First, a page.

SAVANNAH, Ga. -- In a solemn ceremony Thursday morning outside Windsor Forest High School in Savannah, JROTC cadets lowered the U.S. and Georgia state flags to half-staff in memory of graduate and U.S. Army Reservist Sgt. Breonna Moffett, one of three Georgia reservists killed in the Jordan drone attack.
Moffett, who died a week after her 23rd birthday, was remembered by Windsor Forest administrators and staff as a leader and a model student. Army officials announced Tuesday that she had been posthumously promoted to the rank of sergeant.
“Breonna was a drum major and cadet leader in our JROTC and she truly orchestrated the rhythm and discipline of teamwork that I know she carried with her in her continued service to our country,” said her former principal, Derrick Butler.
The staff and students at Windsor Forest, known affectionately as “the castle,” quickly organized Thursday’s ceremony after getting news of Moffett’s death. About 50 people attended. Moffett was among three reservists, all from Georgia, killed when an explosive drone hit a logistics base in northeast Jordan on the Syrian border. The Islamic Resistance in Iraq, a coalition of militias backed by Iran, claimed responsibility for the attack.
During a Thursday briefing, Defense Secretary Lloyd Austin III said the attack hit living quarters on the American base near the Syrian border. He added there would be a multitiered response from the United States, though he did not elaborate.
“The president will not tolerate attacks on American troops and neither will I,” Austin said.
The Savannah ceremony included the playing of Taps, remarks from staff and administrators who knew Moffett and a soulful rendition of “Amazing Grace” by her former band director. A photo of Moffett and a spray of red, white and blue flowers sat beside the podium, which was flanked by a large contingent of JROTC cadets in formation.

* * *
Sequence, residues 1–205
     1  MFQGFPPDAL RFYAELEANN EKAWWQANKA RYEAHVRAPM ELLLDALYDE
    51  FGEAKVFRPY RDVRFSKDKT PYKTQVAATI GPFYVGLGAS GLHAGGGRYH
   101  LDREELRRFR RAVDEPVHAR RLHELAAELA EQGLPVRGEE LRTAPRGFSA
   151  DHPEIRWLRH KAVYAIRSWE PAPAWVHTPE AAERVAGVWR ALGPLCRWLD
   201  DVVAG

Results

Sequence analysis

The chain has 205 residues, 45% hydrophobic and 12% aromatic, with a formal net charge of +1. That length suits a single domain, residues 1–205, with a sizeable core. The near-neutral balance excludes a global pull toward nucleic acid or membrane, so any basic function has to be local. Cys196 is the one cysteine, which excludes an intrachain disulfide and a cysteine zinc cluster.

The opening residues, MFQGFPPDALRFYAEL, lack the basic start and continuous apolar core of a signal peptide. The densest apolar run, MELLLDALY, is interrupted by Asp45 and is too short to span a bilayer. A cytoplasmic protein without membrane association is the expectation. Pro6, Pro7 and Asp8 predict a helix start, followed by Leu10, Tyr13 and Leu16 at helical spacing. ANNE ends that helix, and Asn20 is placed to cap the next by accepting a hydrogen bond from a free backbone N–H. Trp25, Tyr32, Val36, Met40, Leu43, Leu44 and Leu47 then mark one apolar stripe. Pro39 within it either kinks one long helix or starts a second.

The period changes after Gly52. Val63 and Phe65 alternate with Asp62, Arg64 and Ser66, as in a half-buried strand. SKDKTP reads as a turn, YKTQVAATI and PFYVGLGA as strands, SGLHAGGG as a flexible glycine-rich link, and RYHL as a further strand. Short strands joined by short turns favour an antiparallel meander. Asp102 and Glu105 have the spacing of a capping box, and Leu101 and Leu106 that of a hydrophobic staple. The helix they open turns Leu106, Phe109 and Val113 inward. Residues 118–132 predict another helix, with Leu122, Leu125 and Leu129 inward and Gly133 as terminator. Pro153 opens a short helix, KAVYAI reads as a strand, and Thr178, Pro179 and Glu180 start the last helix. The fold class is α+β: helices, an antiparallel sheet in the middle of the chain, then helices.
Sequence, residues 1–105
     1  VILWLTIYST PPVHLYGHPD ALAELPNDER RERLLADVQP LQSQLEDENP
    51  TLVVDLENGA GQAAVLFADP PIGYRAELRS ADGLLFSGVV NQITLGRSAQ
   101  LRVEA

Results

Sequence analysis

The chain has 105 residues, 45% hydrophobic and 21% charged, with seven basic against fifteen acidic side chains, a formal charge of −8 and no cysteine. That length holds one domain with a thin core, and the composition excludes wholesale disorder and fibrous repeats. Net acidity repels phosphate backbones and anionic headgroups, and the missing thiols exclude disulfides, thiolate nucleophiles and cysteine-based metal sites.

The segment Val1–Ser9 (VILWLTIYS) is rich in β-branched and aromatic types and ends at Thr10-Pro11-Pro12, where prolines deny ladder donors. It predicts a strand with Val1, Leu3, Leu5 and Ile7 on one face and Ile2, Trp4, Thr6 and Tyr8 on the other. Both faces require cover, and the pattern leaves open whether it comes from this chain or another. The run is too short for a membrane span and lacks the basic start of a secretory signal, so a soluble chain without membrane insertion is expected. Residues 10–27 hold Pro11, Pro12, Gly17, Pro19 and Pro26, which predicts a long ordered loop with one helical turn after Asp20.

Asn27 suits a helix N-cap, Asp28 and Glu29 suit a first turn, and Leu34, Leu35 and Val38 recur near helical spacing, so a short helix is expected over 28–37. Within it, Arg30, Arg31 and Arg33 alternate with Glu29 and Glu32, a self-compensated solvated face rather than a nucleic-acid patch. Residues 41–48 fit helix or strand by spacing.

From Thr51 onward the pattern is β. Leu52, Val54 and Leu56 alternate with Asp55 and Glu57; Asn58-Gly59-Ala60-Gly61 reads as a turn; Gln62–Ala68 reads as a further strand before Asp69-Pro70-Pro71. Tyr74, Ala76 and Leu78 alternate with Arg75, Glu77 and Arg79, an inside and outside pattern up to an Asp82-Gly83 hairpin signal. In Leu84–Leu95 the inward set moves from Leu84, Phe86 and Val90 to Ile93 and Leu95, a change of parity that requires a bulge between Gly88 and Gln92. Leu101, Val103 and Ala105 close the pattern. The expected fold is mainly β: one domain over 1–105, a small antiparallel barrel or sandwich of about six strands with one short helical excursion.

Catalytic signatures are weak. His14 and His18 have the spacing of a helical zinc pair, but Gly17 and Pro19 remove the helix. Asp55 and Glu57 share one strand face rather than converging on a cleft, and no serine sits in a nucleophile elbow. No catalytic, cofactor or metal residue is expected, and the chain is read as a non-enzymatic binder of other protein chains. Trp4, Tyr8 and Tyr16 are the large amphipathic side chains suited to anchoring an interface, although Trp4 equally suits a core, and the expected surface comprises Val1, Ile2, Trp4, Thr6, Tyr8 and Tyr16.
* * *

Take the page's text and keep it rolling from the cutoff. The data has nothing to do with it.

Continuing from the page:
Retired Army Lt. Col. Michael Busteed, the high school’s JROTC advisor, described Moffett as a natural leader who could get things done.
“When I saw her in the hall, I almost saluted her,” Butler said. “She was very serious and very disciplined. And she carried with her those core values I know her family instilled in her.”
“I tell my students, you need to choose your friends wisely because they can either bring you forward or pull you back,” Busteed said. “Everyone that chose Breonna as a friend was brought forward. They were made a better person. They made a smart choice of making her their friend.”
The ceremony was capped by the presentation of unit coins to Moffett’s family members. Busteed explained that unit coins, also known as challenge coins, are presented to unit members in recognition of “excellence or performance above and beyond the call of duty.”
Several members of Moffett’s family were present to receive the coins, including her sister, aunt and grandmother, but her parents were not able to attend as they traveled to Delaware for the dignified transfer of Moffett’s remains at Dover Air Force Base on Friday. In addition to Austin, President Joe Biden will attend the transfer ceremony after speaking to Moffett’s parents, along with family members of the other soldiers, earlier this week.
Even after she graduated, Busteed said, Moffett would return to her high school to help train the JROTC color guard as a volunteer. The cadets in the color guard acquitted themselves well Thursday morning, performing the flag ceremony without flaw.
“Her senior year, when she came and told me, ‘Sir, I think I’d like to join the Army Reserves,’ I was very proud of her,” Busteed said. “I knew that the Army was getting a great soldier, and they did have a great soldier who served honorably.”
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